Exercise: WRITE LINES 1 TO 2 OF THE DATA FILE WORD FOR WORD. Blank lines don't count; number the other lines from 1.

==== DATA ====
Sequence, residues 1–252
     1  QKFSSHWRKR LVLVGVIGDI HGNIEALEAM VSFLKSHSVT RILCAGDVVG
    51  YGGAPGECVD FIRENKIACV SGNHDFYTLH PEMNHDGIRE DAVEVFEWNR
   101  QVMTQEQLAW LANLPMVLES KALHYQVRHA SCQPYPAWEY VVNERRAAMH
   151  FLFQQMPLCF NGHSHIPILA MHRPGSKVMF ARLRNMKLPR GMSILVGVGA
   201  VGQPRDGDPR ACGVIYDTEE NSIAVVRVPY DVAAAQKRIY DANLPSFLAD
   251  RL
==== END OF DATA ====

Sequence, residues 1–252
     1  QKFSSHWRKR LVLVGVIGDI HGNIEALEAM VSFLKSHSVT RILCAGDVVG